Read the following chapter:
In this section, the authors explain the competencies necessary for nurse informaticists to be successful. The section also highlights which competencies are applicable for various informatics roles and functional areas.
This chapter discusses introduces the basics of computer hardware used for nursing informatics.
In this chapter, the authors introduce the systems life cycle (SDLC) and its stages. These stages are often used by organizations for large-scale projects, such as implementing or upgrading health information technology.
Chapter 13 focuses on the tools needed to assist with each phase of the System Life Cycle. Successful implementation projects require clinical expertise as well as technical knowledge from nurse informaticists.
This chapter explains the need for nurses to be informed about human-machine interactions to prevent unintended consequences. Increased awareness of these factors can result in improved performance and outcomes in nursing informatics and other technologies.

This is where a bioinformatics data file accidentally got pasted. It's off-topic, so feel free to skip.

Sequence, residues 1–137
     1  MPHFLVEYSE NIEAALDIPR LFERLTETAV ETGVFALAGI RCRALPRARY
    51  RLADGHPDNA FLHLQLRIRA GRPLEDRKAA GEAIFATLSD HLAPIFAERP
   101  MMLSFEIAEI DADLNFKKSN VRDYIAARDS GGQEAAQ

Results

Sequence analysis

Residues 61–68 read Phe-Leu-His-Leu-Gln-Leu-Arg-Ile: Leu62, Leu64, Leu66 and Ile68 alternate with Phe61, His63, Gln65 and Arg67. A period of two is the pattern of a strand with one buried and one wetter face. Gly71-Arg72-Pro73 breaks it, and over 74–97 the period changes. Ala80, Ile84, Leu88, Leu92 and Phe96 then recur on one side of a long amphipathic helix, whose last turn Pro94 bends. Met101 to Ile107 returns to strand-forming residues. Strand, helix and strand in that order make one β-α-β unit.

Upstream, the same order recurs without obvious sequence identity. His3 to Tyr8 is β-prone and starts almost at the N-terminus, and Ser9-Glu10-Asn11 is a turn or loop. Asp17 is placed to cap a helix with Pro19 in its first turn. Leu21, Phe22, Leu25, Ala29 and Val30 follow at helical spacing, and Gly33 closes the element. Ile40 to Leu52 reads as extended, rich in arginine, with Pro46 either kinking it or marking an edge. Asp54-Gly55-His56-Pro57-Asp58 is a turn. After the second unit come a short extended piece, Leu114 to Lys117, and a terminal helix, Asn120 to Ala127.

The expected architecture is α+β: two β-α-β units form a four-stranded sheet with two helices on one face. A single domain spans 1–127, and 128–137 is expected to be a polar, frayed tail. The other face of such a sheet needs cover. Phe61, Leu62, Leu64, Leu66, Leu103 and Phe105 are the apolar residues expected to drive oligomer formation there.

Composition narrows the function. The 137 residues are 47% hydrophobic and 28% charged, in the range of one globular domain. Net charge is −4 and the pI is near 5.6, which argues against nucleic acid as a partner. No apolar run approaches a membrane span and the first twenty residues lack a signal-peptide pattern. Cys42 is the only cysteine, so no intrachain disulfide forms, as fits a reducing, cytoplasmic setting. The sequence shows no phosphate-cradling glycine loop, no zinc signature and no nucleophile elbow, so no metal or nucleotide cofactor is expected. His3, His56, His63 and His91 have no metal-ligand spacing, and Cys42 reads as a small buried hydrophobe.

This article discusses the Quality and Safety Education for Nurses (QSEN) initiative and its six competencies, including informatics, that are essential for nursing practice. The authors emphasize that nursing education should shift from task-training and development to more current skills and competencies for informatics and patient-centered care.
This comprehensive report provides you with an overview of the TIGER collaborative as well as informatics competencies.
Note: The approximate length of this media piece is 10 minutes.
In this week’s media presentation, Gail Latimer, Dr. Patricia Button, and Dr. Roy Simpson overview the progress that the ANA and the TIGER initiative have made in outlining key informatics competencies. In addition, each presenter identifies competencies that he or she believes to be vital to working in the informatics field.